I have always said that the theft of my baby was an illegal adoption. No adoption could be legal when it begins with an abduction, a baby being taken from a tied-down mother against her will, withheld from her forever more from that point, the choice to keep her baby robbed from her, the “decision” of adoption made by others but not herself.
So, in Western Australia, exiled mothers are going to receive an apology from the government for exactly the same practices that myself and tens of thousands of young and unwed Canadian mothers endured!
I will include the full article here, because I do not want readers to have to surf over to second site to see what I am talking about.
Of course, an apology does not make up for the fact that criminal acts and human rights violations were committed. For that, IMHO, the perpetrators should be brought to justice. There should be recompense for the victims, and the people who illegally obtained children for adoption purposes (the sole reason WHY these crimes were committed, to supply the market for healthy white infants wanted by infertile people who were deemed to deserve our children more than WE were!) should be treated in the exact same way as anyone in possession of stolen property. But an apology if it is actually an admission of guilt, is a good first step.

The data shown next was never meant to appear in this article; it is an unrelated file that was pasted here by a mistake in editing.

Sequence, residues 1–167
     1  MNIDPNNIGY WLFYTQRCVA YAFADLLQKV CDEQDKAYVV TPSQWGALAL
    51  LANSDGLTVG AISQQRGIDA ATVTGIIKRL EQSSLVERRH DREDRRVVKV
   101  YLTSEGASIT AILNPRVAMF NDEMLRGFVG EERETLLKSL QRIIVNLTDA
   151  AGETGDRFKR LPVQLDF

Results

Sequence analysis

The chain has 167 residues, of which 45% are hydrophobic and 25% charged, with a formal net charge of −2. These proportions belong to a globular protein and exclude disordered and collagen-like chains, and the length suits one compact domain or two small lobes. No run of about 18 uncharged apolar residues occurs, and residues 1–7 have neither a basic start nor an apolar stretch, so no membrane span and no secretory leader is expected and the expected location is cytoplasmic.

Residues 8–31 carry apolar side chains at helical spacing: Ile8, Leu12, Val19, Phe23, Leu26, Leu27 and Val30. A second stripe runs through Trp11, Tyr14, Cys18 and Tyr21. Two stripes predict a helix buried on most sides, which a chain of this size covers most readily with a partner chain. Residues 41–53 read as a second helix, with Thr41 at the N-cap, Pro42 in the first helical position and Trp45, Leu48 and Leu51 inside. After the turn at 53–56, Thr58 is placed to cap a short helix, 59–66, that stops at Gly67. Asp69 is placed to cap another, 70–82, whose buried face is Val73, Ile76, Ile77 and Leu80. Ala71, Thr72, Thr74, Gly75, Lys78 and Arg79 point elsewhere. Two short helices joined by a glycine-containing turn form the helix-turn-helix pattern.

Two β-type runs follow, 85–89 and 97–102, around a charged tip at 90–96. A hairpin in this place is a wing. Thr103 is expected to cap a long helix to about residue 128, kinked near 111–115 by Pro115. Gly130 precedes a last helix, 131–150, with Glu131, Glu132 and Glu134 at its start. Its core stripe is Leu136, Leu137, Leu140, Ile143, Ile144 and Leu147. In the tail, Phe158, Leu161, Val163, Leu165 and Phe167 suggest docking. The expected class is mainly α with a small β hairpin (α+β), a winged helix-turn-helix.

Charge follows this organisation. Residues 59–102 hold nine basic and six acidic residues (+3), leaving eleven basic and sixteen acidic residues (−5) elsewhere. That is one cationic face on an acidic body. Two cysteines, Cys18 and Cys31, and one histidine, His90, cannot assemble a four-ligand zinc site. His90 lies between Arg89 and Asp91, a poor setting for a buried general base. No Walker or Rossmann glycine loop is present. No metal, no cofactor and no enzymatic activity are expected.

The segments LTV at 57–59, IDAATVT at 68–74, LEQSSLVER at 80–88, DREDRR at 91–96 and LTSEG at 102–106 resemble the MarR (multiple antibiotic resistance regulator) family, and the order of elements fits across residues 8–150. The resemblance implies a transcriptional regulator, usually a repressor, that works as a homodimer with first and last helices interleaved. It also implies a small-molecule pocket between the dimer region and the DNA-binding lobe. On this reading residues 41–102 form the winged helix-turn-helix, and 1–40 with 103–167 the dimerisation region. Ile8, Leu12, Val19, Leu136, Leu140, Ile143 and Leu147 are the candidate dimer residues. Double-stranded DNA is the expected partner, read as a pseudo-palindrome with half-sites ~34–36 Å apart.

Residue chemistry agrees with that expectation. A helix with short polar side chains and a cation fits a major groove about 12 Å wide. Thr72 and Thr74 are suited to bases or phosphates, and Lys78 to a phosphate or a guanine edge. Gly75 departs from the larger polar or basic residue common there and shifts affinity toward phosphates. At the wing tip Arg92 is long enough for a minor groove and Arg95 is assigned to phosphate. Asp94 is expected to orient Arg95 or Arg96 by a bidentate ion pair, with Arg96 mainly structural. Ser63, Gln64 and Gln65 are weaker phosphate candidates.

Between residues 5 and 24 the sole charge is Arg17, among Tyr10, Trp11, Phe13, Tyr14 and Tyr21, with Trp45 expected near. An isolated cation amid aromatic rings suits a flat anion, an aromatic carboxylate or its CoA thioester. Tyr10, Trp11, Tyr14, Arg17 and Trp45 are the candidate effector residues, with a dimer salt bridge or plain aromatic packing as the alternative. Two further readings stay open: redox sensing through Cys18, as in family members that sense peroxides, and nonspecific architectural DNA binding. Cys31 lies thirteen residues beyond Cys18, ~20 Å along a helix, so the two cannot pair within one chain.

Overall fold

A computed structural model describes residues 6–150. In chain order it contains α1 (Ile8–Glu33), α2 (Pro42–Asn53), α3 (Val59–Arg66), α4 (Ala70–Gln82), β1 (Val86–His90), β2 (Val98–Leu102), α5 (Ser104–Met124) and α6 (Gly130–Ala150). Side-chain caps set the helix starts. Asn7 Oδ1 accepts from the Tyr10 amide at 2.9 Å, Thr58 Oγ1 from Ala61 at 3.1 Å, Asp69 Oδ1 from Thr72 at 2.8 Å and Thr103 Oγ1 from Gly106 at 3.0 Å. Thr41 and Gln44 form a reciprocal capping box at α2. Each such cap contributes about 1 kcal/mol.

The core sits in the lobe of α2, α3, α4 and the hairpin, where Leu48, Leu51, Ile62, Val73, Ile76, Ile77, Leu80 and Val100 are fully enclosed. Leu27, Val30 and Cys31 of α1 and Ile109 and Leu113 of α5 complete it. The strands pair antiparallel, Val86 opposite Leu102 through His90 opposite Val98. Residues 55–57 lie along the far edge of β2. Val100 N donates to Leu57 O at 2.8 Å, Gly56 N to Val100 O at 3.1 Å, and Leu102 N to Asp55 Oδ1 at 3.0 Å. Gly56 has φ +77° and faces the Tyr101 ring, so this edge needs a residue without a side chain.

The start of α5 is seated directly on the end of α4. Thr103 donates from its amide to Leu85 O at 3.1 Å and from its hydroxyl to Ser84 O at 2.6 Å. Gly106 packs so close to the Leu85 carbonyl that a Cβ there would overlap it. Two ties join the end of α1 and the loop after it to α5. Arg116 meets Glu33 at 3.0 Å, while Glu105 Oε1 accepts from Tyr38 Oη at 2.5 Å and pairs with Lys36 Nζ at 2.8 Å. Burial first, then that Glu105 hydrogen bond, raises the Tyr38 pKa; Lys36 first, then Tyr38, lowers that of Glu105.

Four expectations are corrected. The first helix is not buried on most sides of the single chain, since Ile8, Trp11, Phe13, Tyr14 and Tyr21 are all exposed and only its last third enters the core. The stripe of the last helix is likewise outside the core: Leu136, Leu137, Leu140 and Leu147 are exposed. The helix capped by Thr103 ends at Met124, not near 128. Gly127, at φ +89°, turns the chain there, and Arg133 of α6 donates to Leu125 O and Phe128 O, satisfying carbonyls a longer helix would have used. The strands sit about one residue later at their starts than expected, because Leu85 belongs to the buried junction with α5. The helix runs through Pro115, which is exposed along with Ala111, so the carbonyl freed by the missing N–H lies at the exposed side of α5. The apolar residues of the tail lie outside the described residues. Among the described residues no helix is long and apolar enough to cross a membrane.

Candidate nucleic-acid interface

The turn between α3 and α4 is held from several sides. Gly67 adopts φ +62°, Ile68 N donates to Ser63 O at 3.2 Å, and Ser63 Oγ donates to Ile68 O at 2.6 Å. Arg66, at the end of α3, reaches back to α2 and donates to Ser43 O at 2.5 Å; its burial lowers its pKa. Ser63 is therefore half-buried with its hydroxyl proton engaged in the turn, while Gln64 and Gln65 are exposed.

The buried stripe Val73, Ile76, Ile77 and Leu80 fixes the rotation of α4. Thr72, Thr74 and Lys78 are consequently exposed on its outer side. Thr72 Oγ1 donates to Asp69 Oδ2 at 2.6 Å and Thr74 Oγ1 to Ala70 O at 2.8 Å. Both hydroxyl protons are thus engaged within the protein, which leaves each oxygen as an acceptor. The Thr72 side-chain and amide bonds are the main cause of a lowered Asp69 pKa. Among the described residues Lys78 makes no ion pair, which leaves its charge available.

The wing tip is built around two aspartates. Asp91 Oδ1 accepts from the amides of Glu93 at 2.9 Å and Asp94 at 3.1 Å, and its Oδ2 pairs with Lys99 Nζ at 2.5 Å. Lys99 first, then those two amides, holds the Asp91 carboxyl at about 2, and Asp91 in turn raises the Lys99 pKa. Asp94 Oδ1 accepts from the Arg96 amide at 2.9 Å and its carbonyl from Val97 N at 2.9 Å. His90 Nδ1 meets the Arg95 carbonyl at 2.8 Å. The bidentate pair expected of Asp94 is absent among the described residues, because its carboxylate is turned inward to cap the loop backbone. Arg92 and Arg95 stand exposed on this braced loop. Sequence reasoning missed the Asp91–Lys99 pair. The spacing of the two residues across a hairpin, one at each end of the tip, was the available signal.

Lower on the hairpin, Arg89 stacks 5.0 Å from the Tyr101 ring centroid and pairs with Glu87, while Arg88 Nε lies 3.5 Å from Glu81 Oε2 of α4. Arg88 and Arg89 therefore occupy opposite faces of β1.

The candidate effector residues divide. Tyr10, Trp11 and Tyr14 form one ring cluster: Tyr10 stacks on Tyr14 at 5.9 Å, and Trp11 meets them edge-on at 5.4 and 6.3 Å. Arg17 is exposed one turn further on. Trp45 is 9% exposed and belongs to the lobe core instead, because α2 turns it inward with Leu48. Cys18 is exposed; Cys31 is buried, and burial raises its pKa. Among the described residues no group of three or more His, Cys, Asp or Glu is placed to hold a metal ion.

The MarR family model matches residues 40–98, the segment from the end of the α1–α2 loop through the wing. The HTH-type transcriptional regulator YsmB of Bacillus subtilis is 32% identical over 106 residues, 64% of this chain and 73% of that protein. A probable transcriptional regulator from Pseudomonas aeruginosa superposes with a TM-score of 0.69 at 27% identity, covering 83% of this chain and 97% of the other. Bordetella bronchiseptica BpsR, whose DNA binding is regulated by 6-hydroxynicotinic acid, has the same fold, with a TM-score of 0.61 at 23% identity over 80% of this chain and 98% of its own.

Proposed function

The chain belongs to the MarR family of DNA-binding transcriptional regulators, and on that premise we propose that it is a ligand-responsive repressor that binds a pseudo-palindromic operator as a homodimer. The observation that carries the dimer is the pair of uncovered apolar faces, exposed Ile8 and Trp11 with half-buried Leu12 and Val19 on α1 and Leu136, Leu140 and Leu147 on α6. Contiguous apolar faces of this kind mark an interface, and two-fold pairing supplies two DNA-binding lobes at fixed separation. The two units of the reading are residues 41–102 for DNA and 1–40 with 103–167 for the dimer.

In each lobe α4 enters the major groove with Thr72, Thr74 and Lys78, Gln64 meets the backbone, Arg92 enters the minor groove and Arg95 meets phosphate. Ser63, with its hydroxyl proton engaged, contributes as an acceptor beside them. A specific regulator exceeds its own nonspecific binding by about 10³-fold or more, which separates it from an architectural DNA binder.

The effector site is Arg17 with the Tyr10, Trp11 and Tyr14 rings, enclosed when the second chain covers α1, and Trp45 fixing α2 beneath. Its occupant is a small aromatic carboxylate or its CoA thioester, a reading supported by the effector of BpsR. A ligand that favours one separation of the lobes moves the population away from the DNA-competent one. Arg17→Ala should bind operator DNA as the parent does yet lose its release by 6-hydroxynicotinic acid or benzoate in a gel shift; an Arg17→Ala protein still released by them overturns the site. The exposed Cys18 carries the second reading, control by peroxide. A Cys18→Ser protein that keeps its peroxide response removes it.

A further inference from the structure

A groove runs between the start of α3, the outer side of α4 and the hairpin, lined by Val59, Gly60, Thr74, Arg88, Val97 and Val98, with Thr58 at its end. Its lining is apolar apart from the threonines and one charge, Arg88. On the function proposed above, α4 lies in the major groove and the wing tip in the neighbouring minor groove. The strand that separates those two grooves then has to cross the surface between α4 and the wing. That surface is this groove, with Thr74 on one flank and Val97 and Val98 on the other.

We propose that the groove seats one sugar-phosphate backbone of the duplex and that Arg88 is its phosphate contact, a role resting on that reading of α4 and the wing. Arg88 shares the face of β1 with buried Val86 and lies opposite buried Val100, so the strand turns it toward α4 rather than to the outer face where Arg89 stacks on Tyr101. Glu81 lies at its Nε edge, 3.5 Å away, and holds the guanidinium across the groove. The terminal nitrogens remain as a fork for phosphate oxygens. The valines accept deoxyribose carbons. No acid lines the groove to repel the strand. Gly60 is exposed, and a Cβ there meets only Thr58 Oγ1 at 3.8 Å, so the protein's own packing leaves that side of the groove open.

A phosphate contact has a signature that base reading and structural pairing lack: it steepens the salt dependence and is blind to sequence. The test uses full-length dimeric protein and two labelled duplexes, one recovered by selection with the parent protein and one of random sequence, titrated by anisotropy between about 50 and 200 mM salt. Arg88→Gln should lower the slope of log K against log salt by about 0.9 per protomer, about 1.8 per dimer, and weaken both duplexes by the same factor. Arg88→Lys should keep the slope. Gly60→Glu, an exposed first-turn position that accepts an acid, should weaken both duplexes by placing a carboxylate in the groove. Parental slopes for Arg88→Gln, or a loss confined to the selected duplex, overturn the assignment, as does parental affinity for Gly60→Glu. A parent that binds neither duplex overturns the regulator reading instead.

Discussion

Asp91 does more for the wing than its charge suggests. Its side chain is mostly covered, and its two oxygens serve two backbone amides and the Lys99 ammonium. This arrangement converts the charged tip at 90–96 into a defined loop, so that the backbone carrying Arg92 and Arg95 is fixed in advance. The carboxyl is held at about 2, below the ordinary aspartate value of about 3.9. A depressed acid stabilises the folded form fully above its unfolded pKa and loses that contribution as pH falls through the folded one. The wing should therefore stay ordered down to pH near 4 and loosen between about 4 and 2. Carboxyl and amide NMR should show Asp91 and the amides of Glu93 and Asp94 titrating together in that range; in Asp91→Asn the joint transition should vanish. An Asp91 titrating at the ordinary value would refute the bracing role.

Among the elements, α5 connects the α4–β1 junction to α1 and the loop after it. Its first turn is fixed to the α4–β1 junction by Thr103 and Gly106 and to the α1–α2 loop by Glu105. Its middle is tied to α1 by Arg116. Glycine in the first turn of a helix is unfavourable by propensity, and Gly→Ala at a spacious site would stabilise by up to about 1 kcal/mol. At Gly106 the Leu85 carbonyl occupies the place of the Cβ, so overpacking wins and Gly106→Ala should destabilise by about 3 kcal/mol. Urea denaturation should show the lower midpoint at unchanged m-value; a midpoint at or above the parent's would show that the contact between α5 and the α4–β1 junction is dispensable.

Unmarried mums get State apology
DANIEL EMERSON, The West Australian September 1, 2010, 6:32 am
The State’s apology to unmarried mothers illegally separated from their babies under harsh adoption practices is set to happen within weeks.
WA is to become the first State or Federal government worldwide to admit hospital and welfare authorities were wrong to immediately separate mothers from their babies after giving birth out of wedlock. Mothers from around Australia keen to hear the apology have been told it will be delivered in Parliament on October 19.
Experts say tens of thousands of WA babies were adopted illegally when their unmarried mothers were prevented from seeing, touching, naming or bonding with their children immediately after birth between the 1940s and the early 1980s.
Health Minister Kim Hames said the exact format of the apology was still being finalised but it would be “to unmarried mothers of adopted children who were adversely affected by past adoption practices”.
Christine Cole, of the NSW-based Apology Alliance, said it was also important for the Government to say sorry to the children taken. “They were denied their family of origin and the culture of that family,” she said.